Fully restored Garam Hawa to be screened at IFFI

PTI, MUMBAI | 20 November 2012 21:09 IST

Film buffs have a good reason to celebrate, Partition-themed "Garm Hava", considered a milestone in Indian cinema, has been fully restored and will be screened at the upcoming International Film Festival of India (IFFI) in Goa.

The 1973 Hindi-Urdu classic, directed by M S Sathyu, based on an unpublished Urdu short story by Ismat Chughtai and adapted for screen by Kaifi Azmi, is also ready for theatrical release.

According to IFFI officials, the film, starring Balraj Sahni, Geeta Siddharth, Farooq Shaikh, A K Hangal and Jalal Agha, will be screened on November 25 as part of commemoration of 100 years of Indian cinema.

The film deals with the plight of a North Indian Muslim family post-Partition as the protagonist (Sahni) faces the dilemma of whether to move to Pakistan or stay back. One of the most poignant films ever made on the Partition, it was also India's official entry to the Oscars in 1974.

The restoration process was initiated by Subhash Chheda, a Mumbai-based distributor who runs a DVD label Rudraa. The movie's negative was in a bad shape. Chheda proposed to Sathyu that he be given the responsibility of restoring the film – both audio and video segments – and the 82-year-old veteran obliged.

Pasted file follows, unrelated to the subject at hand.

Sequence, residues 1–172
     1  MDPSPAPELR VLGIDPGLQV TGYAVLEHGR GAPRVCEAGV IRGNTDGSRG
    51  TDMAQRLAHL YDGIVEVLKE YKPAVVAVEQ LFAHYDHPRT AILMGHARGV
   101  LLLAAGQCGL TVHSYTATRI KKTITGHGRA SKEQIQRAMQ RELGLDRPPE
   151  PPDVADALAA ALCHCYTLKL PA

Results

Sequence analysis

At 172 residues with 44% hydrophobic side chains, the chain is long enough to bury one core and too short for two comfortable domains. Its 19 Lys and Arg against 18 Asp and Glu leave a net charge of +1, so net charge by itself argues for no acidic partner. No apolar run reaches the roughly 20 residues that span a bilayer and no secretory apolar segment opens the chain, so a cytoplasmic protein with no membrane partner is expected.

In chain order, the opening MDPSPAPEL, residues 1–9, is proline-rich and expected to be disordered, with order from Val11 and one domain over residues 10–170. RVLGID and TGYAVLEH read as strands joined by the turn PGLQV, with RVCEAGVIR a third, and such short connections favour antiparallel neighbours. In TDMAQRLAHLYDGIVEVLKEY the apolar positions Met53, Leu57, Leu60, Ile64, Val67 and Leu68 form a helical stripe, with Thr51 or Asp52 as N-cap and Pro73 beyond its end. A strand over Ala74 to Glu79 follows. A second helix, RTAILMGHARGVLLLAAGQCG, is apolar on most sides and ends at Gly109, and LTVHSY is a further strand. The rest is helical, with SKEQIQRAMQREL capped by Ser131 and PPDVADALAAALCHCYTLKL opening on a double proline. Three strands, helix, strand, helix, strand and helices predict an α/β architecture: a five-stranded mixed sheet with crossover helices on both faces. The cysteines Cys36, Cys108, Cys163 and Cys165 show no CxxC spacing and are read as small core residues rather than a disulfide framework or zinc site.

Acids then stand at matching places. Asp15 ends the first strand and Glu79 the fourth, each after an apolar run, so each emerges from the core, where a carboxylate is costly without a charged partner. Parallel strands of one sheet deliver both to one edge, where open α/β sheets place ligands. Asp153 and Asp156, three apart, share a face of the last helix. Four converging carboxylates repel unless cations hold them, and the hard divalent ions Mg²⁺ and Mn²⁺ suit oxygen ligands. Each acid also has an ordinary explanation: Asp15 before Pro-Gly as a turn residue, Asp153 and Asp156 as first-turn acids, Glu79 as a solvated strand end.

Thus began Chheda's two-year-long elaborate effort to have an upgraded 5.1 and Dolby mixed version of Garm Hava, which was almost lost in the annals of time.

"Restoration of a classic is very tricky and complex, as people remember the original movie forever - frame-by-frame, dialogue-by-dialogue, word-by-word," he says.

"The project stayed under the scanners of the best creative and technical experts around the world for about a year. Almost 2,00,000 frames of 2K resolution were observed by all these experts again and again. The restoration and post-restoration of the movie consumed more than 5,00,000 man-hours of our technical and creative team and terabytes of space of our computers," Chheda told PTI.

However, nothing has been added or deleted. "Everything has merely been enhanced to give a complete theatrical experience to the modern viewer," he says.

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